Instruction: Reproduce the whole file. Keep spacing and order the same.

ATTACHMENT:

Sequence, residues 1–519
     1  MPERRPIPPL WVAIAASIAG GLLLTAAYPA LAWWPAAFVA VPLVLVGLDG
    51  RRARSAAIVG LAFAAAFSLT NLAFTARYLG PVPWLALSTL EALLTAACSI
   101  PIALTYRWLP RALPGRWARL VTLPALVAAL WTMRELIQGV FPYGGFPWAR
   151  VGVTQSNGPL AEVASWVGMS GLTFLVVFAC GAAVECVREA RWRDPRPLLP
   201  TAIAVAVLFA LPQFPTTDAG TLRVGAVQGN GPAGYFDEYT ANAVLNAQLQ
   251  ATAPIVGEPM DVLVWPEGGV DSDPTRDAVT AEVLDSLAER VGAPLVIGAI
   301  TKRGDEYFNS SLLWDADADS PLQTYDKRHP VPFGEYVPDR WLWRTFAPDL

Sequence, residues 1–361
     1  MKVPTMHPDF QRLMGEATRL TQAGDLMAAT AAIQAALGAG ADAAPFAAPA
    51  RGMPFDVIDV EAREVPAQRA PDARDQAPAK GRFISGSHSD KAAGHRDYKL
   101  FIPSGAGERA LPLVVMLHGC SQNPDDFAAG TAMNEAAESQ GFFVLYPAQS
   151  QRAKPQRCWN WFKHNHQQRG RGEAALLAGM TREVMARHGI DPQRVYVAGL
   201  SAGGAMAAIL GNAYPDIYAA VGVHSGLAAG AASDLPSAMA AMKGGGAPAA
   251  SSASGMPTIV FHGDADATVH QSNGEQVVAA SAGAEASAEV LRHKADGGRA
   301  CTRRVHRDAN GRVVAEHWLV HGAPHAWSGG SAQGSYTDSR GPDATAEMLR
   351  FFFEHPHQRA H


Sequence, residues 1–519
     1  MPERRPIPPL WVAIAASIAG GLLLTAAYPA LAWWPAAFVA VPLVLVGLDG
    51  RRARSAAIVG LAFAAAFSLT NLAFTARYLG PVPWLALSTL EALLTAACSI
   101  PIALTYRWLP RALPGRWARL VTLPALVAAL WTMRELIQGV FPYGGFPWAR
   151  VGVTQSNGPL AEVASWVGMS GLTFLVVFAC GAAVECVREA RWRDPRPLLP
   201  TAIAVAVLFA LPQFPTTDAG TLRVGAVQGN GPAGYFDEYT ANAVLNAQLQ
   251  ATAPIVGEPM DVLVWPEGGV DSDPTRDAVT AEVLDSLAER VGAPLVIGAI
   301  TKRGDEYFNS SLLWDADADS PLQTYDKRHP VPFGEYVPDR WLWRTFAPDL

Sequence, residues 1–361
     1  MKVPTMHPDF QRLMGEATRL TQAGDLMAAT AAIQAALGAG ADAAPFAAPA
    51  RGMPFDVIDV EAREVPAQRA PDARDQAPAK GRFISGSHSD KAAGHRDYKL
   101  FIPSGAGERA LPLVVMLHGC SQNPDDFAAG TAMNEAAESQ GFFVLYPAQS
   151  QRAKPQRCWN WFKHNHQQRG RGEAALLAGM TREVMARHGI DPQRVYVAGL
   201  SAGGAMAAIL GNAYPDIYAA VGVHSGLAAG AASDLPSAMA AMKGGGAPAA
   251  SSASGMPTIV FHGDADATVH QSNGEQVVAA SAGAEASAEV LRHKADGGRA
   301  CTRRVHRDAN GRVVAEHWLV HGAPHAWSGG SAQGSYTDSR GPDATAEMLR
   351  FFFEHPHQRA H